I had my 3 month checkup with Dr. Keith Schluterman, my neurologist in Conway, Arkansas on May 25th. Since my severe orthostatic hypotension is still uncontrolled on Mestinon and Midodrine, he told me he wanted to add Northera, or Droxidopa. Dr. Schluterman has been a Godsend to me so far. I have been battling fainting spells since I was 14 but didn’t get a diagnosis until age 27. He is the FIRST neurologist to put me on Midodrine! I wasted over 7 years with a different neurologist whose approach to dysautonomia was “We’re only putting a Band-Aid on something that cannot be healed, so what is the point?” She was the specialist, so I believed her.
After she dropped me as a patient because I suppose she was tired of putting Band-Aids on my progressing “Boo Boos,” I got another neurologist who only saw me as a rare specimen. She cared about the “Why I have Dysautonomia” more than “How can I make your life better.” When I didn’t want to go through expensive repetitive testing over and over for her research at my age, she told me not to come back until I was ready to do so. Excuse me if I didn’t want to be treated like a guinea pig. Then she left town not long after that happened. I’m in a small rural county in Arkansas. Specialists come and go. They don’t hang around long. If you have something strange and unusual, you are screwed. That neurologist did not offer me ONE dysautonomia medication or help at all.
So I get excited when a doctor actually WANTS to try medications I’ve only been able to read about in dysautonomia forums and on research websites like Mayo and Vanderbilt. Dr. Schluterman was up front with me about the costs. Northera is very expensive. Without insurance, Northera costs patients between $60,000-$80,000 a year. I do not understand why medications are so expensive. Having fought orthostatic hypotension for so long, I heard of Droxidopa years ago when it was only available overseas. So I know it took a lot of research and studies to get the drug FDA approved. My doctor filled out paperwork from Northera to get me approved for the drug. I left the office thinking even if my insurance approved this medication, there was NO way we could afford the copay!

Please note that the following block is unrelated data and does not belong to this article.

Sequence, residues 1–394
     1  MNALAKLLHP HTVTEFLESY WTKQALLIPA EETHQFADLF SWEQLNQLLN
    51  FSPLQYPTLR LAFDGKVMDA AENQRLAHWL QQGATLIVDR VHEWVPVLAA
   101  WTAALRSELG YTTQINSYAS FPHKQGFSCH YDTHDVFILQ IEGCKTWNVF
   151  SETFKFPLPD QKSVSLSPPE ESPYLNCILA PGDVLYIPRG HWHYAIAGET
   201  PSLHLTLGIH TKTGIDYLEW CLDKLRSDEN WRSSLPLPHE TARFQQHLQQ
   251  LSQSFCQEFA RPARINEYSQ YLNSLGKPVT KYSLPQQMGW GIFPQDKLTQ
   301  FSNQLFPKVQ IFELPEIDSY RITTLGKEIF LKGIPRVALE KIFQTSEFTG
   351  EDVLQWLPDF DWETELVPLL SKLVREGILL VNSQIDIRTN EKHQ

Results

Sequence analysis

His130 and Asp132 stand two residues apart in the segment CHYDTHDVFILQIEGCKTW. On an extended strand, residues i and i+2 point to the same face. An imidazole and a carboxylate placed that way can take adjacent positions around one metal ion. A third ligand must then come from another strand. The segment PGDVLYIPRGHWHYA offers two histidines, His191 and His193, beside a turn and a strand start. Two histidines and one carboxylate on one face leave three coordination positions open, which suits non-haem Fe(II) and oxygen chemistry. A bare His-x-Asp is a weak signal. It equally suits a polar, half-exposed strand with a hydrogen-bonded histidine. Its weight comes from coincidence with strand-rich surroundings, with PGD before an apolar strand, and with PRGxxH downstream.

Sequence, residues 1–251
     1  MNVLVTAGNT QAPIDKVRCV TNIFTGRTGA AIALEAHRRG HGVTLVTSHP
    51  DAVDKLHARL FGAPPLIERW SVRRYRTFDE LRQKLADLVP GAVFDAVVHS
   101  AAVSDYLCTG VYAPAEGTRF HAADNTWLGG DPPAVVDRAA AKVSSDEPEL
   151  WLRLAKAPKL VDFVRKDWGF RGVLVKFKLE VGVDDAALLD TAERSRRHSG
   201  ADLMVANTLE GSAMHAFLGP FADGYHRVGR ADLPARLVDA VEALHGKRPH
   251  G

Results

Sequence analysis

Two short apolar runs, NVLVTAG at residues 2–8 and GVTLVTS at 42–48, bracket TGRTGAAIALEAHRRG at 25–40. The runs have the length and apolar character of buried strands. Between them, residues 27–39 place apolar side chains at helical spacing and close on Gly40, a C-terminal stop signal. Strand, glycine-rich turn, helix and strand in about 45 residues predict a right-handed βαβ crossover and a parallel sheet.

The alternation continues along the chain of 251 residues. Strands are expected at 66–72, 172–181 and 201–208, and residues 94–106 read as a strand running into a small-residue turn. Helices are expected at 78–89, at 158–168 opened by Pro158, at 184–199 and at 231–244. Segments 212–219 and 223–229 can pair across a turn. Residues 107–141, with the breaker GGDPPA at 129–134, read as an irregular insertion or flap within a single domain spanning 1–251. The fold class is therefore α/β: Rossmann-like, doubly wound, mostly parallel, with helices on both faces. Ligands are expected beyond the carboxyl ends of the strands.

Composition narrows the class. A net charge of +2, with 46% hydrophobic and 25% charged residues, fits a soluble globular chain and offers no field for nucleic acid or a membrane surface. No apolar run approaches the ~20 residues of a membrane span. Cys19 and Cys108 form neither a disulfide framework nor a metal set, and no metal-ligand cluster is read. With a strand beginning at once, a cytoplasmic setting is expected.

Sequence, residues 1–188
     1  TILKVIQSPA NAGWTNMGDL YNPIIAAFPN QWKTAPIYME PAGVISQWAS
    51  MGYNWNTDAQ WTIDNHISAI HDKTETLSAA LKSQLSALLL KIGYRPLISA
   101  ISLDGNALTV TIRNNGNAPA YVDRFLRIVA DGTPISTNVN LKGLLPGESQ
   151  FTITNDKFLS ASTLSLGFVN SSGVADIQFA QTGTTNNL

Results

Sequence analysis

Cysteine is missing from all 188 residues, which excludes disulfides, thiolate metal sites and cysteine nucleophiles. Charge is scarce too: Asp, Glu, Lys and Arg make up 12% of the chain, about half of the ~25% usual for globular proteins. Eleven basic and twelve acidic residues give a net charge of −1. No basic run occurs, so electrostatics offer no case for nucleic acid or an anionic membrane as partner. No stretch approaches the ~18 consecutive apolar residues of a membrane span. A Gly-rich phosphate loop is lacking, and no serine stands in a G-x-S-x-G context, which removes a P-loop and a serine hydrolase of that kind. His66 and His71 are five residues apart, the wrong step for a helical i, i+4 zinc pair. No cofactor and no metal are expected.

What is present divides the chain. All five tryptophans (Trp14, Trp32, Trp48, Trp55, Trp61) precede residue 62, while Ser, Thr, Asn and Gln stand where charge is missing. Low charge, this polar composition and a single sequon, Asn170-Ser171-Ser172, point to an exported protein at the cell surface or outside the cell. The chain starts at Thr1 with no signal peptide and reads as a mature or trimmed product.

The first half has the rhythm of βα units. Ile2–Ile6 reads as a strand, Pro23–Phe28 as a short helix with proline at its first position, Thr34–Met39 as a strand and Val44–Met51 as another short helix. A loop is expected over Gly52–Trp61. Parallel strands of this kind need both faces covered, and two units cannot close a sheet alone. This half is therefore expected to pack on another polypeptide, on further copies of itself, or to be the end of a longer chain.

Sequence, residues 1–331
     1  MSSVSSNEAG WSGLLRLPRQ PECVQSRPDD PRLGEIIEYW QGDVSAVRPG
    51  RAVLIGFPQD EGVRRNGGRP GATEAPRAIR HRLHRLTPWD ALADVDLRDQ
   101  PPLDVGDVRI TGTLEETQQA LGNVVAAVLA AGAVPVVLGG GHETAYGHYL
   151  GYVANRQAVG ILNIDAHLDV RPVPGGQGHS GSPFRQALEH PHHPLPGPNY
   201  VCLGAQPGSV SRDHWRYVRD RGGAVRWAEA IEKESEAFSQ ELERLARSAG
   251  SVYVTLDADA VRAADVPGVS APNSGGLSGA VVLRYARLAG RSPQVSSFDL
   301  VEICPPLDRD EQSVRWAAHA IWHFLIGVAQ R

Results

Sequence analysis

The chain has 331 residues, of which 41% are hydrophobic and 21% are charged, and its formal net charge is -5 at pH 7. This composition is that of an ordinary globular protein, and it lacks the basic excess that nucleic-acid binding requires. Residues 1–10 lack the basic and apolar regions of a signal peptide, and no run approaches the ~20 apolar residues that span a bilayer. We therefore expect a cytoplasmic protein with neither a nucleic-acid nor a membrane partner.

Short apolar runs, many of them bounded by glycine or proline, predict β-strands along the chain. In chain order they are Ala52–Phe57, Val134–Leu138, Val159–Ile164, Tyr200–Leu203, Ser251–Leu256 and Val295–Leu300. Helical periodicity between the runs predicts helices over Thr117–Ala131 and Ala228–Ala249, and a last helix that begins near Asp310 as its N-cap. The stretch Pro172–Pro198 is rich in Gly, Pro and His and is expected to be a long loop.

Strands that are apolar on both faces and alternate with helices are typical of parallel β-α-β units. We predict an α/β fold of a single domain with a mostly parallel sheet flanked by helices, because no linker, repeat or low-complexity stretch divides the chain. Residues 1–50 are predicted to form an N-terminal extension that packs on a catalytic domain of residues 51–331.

I sent my daughter, mom, and brother a text to tell them about my doctor visit. I told them to pray. When my dad called me later in the day, I told him to pray.
Last Friday, my phone rang. It is from the Northera Pharmaceutical Company. They asked me a few questions about my insurance. They told me my copay would be $3,000! I told the representative there was no way my family could afford the copay. She then informed me of a program for which I qualified. I would receive a 30 day supply for free. After that, I would only have to pay $10 a month for my prescription. I was in complete shock.
I rarely sing a pharmaceutical company’s praises, but I am SO thankful for this program! I have some hope! I know I will never run a race. I will never jump on a trampoline or shop for 8 hours straight. I will never again ride roller coasters all day long in the hot Arkansas sunshine. I may never again feel the adrenaline coursing through my body as I jump from a high rocky cliff into one of our beautiful blue lakes.
However, I have hope Northera will give me some relief, a better quality of life. SOME improvement in my daily living is better than nothing. Since I have met Dr. Schluterman, he has done more for me than both of my other neurologists ever did. I’ve only seen him a few times so far. I hate that I wasted so many years with an uncaring doctor unwilling to treat me because I can’t be “healed.”
Just because we chronic patients cannot be healed does not mean we do not deserve treatment. I know doctors go into their profession to heal people. I went into teaching to teach. Sometimes I would get a severely disabled student in 6th grade that could never learn past the 2nd grade level. Did I throw that student out of my classroom? No. I taught that student on their level. Healing comes in different forms. I am being healed by a doctor giving me the treatment I deserved and had a right to all along.
Never give up hope.